NATO allies poised to slash military budgets; Gates urges other cost savings
Wednesday, June 9, 2010
LONDON -- European allies are bracing for their deepest cuts in military spending since the end of the Cold War, fueling concerns in Washington that an already wide gap in military power between the United States and the rest of NATO will grow.
On Monday, the German government said it is looking to reduce its 250,000-member military by at least 40,000 troops; the defense minister has suggested that a whopping cutback of 100,000 might be necessary.
Meanwhile, analysts project that Britain may have to cut its defense budget by 10 to 15 percent over the next six years as it grapples with what Prime Minister David Cameron has called "a staggering amount of debt."
France and Italy are also contemplating manpower reductions.
Defense Secretary Robert M. Gates, on a trip to London and Brussels this week, is pressing allies to hold the line as Pentagon officials fret they could be stuck with an even bigger share of the burden of the war in Afghanistan or future NATO missions.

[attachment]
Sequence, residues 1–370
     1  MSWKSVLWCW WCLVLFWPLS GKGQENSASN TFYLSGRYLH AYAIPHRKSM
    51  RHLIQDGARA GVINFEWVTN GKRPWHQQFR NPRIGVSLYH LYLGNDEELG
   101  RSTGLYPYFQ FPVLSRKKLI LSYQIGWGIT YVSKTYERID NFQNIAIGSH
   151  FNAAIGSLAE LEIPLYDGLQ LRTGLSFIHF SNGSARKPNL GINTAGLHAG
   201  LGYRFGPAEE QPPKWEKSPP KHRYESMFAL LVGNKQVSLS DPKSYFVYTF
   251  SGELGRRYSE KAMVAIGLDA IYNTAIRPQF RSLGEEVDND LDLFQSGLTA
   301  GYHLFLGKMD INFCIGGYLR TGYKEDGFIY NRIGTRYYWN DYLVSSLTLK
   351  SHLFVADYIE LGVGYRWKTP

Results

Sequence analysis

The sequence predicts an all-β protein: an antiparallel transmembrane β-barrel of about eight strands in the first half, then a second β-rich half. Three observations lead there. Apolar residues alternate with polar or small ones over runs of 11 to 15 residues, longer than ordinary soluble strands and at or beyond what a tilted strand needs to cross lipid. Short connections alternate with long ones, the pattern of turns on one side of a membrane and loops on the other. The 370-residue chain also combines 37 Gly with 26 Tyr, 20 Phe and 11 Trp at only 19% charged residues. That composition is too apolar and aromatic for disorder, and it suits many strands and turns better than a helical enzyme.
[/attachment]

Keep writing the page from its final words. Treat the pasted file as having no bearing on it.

On Tuesday, Gates said he was urging European leaders to avoid wholesale cuts to their active-duty forces and instead try to reduce overhead and other less essential programs.
"I think we all are having to take a hard look in a way that we haven't financially for the last couple years," he said after meeting with Britain's defense secretary, Liam Fox.
Europe's fiscal troubles have worsened considerably since February, when Gates warned that NATO was confronting a "crisis" because U.S. allies had spent too little on defense over the past decade and were too averse to using military force.
Other NATO leaders, who are expected to gather in Brussels for meetings Thursday and Friday, warned that the long-term consequences could be dire if European lawmakers, in search of a quick budget fix, squeeze their militaries too much.
"We have to take care not to cut too much or in the wrong way, that we might jeopardize our security in the future," NATO Secretary General Anders Fogh Rasmussen said Monday in Brussels. "After all, economic prosperity depends on security, too."
For many European governments trying to recover from the global financial crisis, their armed forces are prime candidates for the chopping block.
In the United States, however, the Obama administration has declared defense and national security programs off-limits to the budget ax.